Ask Money

Under One Roof?

Chris Farrell Sep 11, 2008

Question: After the death of my father, my siblings and I discussed one of us living closer to mom. She lives in SoCal and the cost of living is much higher there (duh). One option is going in on a place with my mother as co-owners, and I would live there. I am guessing I will need to locate some sort of contract, or meet with a real estate attorney to draw this up. Can you provide any advice on this topic, or just outline some of your thoughts? Andrew, Boise, ID

Answer: What you’re thinking of doing could become increasingly common with the aging of the population. Indeed, many members of the “sandwich generation,” who now find themselves responsible for the welfare of both their parents and children, are embracing such living arrangements that were more common a few generations ago. And even if young children aren’t involved, living under the same roof offers less expensive independent living for older people and their adult children. It can be very good from a family perspective.

That said, the move represents a big financial and emotional commitment for an extended family. To make it work often takes many hours coming up with the right financial arrangement that not only are good for you and your Mom, but also take into account your siblings. You will need a lawyer to draw up legal documents, and in cases when substantial assets are involved working with a financial planner is common.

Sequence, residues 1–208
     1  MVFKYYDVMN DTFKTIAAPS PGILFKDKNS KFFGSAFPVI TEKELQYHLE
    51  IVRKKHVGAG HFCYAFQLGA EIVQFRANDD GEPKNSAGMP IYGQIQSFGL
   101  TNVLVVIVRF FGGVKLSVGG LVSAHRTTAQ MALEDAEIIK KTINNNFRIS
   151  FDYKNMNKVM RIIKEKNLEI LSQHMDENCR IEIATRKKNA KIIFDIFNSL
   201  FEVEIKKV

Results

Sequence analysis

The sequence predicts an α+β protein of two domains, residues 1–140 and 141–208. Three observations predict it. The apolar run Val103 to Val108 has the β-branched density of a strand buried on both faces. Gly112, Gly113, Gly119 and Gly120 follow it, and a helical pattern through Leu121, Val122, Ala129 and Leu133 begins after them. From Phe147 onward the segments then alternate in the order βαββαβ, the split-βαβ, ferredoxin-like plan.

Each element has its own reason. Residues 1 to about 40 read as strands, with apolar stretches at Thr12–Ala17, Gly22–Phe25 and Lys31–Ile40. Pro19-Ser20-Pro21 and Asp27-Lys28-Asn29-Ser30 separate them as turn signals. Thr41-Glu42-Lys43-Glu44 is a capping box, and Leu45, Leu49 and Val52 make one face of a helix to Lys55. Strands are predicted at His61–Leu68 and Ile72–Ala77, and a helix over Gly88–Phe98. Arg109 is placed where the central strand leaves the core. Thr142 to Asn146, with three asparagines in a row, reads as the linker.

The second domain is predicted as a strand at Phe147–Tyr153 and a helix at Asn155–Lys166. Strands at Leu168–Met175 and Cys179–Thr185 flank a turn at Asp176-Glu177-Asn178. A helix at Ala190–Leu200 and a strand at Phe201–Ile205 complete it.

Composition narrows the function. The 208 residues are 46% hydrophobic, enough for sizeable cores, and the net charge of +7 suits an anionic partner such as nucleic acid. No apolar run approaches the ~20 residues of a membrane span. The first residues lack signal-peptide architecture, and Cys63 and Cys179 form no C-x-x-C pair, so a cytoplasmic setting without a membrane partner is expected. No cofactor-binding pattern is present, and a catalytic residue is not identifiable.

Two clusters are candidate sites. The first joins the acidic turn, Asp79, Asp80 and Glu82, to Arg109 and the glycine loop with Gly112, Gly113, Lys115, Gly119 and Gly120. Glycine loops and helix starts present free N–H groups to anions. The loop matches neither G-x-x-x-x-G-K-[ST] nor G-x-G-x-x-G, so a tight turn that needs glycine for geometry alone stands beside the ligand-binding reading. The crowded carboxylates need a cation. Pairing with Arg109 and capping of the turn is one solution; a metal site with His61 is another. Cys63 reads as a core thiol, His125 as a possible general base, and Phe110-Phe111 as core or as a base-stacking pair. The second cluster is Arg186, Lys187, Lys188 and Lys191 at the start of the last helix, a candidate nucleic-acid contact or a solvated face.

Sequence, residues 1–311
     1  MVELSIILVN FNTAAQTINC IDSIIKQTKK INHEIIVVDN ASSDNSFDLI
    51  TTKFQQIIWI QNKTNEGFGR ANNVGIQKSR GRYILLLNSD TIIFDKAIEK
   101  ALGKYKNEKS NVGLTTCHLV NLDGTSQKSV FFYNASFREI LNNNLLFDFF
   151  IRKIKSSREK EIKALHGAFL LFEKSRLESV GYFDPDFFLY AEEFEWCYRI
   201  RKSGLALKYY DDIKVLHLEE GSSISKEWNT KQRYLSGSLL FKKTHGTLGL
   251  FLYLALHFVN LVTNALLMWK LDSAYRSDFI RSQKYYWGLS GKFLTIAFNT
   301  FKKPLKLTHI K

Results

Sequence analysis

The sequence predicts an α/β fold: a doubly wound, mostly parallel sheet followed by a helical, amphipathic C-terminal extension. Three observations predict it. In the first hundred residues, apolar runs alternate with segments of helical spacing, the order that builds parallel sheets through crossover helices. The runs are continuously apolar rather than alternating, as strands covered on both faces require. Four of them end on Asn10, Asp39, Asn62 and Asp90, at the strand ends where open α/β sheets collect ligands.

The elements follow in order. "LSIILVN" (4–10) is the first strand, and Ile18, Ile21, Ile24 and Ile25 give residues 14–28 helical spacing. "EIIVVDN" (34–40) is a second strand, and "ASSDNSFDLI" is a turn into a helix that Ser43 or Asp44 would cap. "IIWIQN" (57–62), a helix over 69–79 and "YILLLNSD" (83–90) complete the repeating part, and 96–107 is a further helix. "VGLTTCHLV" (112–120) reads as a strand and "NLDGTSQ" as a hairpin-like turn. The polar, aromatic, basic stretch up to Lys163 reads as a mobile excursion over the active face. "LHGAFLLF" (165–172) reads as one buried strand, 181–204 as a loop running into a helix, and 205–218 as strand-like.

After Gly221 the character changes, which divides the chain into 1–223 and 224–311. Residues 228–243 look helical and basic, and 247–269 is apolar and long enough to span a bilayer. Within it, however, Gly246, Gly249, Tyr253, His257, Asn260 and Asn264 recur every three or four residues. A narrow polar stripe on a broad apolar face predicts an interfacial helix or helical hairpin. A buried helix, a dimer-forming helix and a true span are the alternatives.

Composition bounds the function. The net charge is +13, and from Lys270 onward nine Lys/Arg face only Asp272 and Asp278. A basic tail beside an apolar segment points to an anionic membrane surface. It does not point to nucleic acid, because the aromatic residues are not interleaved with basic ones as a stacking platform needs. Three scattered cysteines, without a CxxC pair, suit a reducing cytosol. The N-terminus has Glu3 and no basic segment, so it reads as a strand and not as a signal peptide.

Among the questions to ask: How will you divide utility and other bills. Will you share co-ownership? Will you pay rent to your Mom or vice-versa. Who gets the tax deduction on the mortgages? Questions along those lines. All of this is routine in this market, and there is a fair amount of flexibility in making financial arrangement, but everything should be laid out and well-understood.

Family dynamics came into play, too. How will your siblings react to the financial arrangement?. Will they support you and your Mom? And what are the implications of living under one roof for the division of her estate?

Last, you will at some time in the future be the point person for dealing with disability and death. It’s a good idea to talk them through, since you’ll be living in the same place. You have to really think about the endgame, more than a lot of people are comfortable doing. That said, I do believe that this kind of arrangement can work for everyone.

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